Bridgestone -- World's First Polymer that Bonds Rubbers and Resins on the Molecular Level

Discussion in 'In the News' started by xcel, Aug 14, 2020.

  1. xcel

    xcel PZEV, there's nothing like it :) Staff Member

    [​IMG] I have not heard of a commercial application for it yet but maybe soon?

    Wayne Gerdes – CleanMPG – August 14, 2020

    Last November, Bridgestone introduced the world's first polymer that bonds rubbers and resins on the molecular level. They call it SUSYM. Bridgestone wants to increase recognition of SUSYM and encourage its use as a next-generation polymer material in order to make contributions in various fields that exceed the scope of use as a tire material.

    Me? I would like to see it used for tire material.

    According to Bridgestone, the name SUSYM represents a combination of the words "sustain," "symphony," and "symbiosis" that encapsulates the meanings of these words.

    SUSYM is the next step in the evolution of the High Strength Rubber with high levels of durability found in conventional rubber coupled with substantially higher levels of performance with regard to (1) difficulty of opening holes (puncture resistance), (2) fixability (recyclability, repairability), and (3) resistance to low temperatures (low-temperature impact resistance).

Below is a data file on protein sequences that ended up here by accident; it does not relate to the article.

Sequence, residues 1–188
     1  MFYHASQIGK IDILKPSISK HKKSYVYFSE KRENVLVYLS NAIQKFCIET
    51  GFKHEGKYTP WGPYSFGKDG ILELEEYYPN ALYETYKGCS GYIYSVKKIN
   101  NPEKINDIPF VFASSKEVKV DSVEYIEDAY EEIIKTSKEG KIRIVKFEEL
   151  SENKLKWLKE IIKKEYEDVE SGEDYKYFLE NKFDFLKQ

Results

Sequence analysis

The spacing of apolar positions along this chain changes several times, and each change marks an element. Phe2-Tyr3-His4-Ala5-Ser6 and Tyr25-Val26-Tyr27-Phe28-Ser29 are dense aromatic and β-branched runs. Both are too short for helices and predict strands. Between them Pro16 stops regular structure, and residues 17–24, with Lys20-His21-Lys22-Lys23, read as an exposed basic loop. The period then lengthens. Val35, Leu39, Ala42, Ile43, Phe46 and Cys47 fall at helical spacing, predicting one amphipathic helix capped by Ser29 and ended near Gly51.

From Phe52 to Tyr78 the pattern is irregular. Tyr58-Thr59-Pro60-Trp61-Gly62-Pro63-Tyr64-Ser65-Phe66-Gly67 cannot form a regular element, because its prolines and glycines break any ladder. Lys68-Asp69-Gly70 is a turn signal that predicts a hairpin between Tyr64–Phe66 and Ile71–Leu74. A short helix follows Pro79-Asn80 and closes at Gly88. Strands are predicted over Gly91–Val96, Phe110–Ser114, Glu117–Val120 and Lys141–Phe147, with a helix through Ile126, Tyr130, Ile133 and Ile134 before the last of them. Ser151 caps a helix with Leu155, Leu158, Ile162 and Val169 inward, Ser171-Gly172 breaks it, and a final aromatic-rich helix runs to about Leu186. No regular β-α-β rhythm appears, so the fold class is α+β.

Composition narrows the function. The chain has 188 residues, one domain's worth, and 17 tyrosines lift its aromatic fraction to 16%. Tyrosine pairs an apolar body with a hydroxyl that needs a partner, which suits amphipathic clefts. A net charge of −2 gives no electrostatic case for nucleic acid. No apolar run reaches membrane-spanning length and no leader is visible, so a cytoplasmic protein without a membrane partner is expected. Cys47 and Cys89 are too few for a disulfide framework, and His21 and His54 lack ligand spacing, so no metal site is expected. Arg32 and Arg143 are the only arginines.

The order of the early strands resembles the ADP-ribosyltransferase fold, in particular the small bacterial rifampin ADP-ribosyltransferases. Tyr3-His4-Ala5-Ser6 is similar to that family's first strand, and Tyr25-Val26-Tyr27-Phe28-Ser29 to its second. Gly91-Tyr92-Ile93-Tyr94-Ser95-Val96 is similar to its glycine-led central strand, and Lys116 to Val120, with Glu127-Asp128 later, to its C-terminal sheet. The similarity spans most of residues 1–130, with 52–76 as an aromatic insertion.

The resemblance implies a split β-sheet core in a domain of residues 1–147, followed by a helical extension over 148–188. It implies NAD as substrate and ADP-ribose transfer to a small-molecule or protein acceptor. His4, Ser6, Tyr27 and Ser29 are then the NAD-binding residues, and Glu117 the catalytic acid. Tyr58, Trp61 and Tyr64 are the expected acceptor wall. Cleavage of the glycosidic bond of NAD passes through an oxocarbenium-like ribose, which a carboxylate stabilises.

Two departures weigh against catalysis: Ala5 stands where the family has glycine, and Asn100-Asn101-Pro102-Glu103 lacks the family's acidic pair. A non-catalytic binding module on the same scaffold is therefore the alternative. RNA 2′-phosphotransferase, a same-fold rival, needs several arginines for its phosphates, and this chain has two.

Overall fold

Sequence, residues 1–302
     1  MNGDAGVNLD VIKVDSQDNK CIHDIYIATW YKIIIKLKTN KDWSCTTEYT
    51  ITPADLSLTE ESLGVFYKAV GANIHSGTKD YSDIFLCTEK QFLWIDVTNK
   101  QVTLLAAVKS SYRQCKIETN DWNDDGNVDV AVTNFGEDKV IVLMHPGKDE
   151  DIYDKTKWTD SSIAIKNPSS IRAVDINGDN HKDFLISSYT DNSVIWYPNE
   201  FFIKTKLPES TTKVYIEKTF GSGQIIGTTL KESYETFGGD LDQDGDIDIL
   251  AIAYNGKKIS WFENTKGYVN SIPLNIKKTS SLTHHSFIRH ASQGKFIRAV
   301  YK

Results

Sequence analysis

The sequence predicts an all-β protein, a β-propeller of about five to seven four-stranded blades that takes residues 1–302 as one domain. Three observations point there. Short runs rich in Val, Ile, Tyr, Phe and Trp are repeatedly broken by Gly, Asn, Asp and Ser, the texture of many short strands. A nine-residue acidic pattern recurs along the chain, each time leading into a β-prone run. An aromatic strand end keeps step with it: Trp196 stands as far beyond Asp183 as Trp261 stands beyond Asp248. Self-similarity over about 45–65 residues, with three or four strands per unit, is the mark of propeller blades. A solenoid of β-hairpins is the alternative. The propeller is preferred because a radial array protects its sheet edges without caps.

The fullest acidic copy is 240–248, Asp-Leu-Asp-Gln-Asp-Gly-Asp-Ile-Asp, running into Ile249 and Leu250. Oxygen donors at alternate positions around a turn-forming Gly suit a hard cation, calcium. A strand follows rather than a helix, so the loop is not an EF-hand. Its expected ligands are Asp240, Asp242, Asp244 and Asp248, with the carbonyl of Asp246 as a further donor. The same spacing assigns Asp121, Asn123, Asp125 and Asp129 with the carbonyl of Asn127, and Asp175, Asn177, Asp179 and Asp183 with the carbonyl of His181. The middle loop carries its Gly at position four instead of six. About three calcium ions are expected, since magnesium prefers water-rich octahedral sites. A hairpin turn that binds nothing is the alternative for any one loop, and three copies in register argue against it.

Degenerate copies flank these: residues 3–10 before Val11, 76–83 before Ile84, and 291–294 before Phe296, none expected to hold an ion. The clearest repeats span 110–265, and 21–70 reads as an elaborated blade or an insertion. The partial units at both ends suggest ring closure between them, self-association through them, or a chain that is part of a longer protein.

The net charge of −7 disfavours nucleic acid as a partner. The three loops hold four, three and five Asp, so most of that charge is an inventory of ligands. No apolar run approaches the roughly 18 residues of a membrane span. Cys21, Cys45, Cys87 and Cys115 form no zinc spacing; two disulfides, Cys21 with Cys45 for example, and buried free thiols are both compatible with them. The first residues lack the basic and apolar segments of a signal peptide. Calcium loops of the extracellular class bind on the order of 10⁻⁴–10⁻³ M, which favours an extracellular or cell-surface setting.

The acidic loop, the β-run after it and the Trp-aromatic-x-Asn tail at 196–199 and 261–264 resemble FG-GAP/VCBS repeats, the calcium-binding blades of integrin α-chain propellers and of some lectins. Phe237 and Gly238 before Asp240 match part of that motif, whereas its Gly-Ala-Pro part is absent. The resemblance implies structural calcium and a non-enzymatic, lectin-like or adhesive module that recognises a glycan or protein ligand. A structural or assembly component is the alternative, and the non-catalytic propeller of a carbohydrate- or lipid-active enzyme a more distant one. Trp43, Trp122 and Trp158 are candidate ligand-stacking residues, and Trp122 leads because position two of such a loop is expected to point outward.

SUSYM is capable of enhancing performance in these areas while maintaining the flexibility of rubber and durability of resin. These features make SUSYM highly applicable to various fields other than tires. SUSYM provides a high level of durability and resistance to tear/separate vs conventional rubber and is therefore capable of meeting or exceeding basic tire performance targets while using fewer resources. This material is also recyclable.

    Proprietary characteristics of SUSYM include:
    1. Difficulty to puncture - SUSYM is resistant to punctures when strong forces are applied to a single point, although it may change shape. The company anticipates this feature will result in SUSYM being used for various applications other than high-strength rubber and tire materials.

    2. Fixability (recyclability, repairability) - Even if SUSYM materials are punctured, holes can be easily repaired by applying heat. Therefore, the company expects SUSYM will be used as a new rubber material that can be recycled multiple times even if damaged.

    3. Resistance to low temperatures (low-temperature impact resistance) - Conventional rubber hardens and becomes brittle at low temperatures, making it easy to break through impacts. SUSYM maintains the flexibility of rubber even at low temperatures, creating resistance to impacts and giving this material the potential to be used under low temperatures.
    So why all the tire posts? I am simply interested in tires. ;)
    Jay and BillLin like this.

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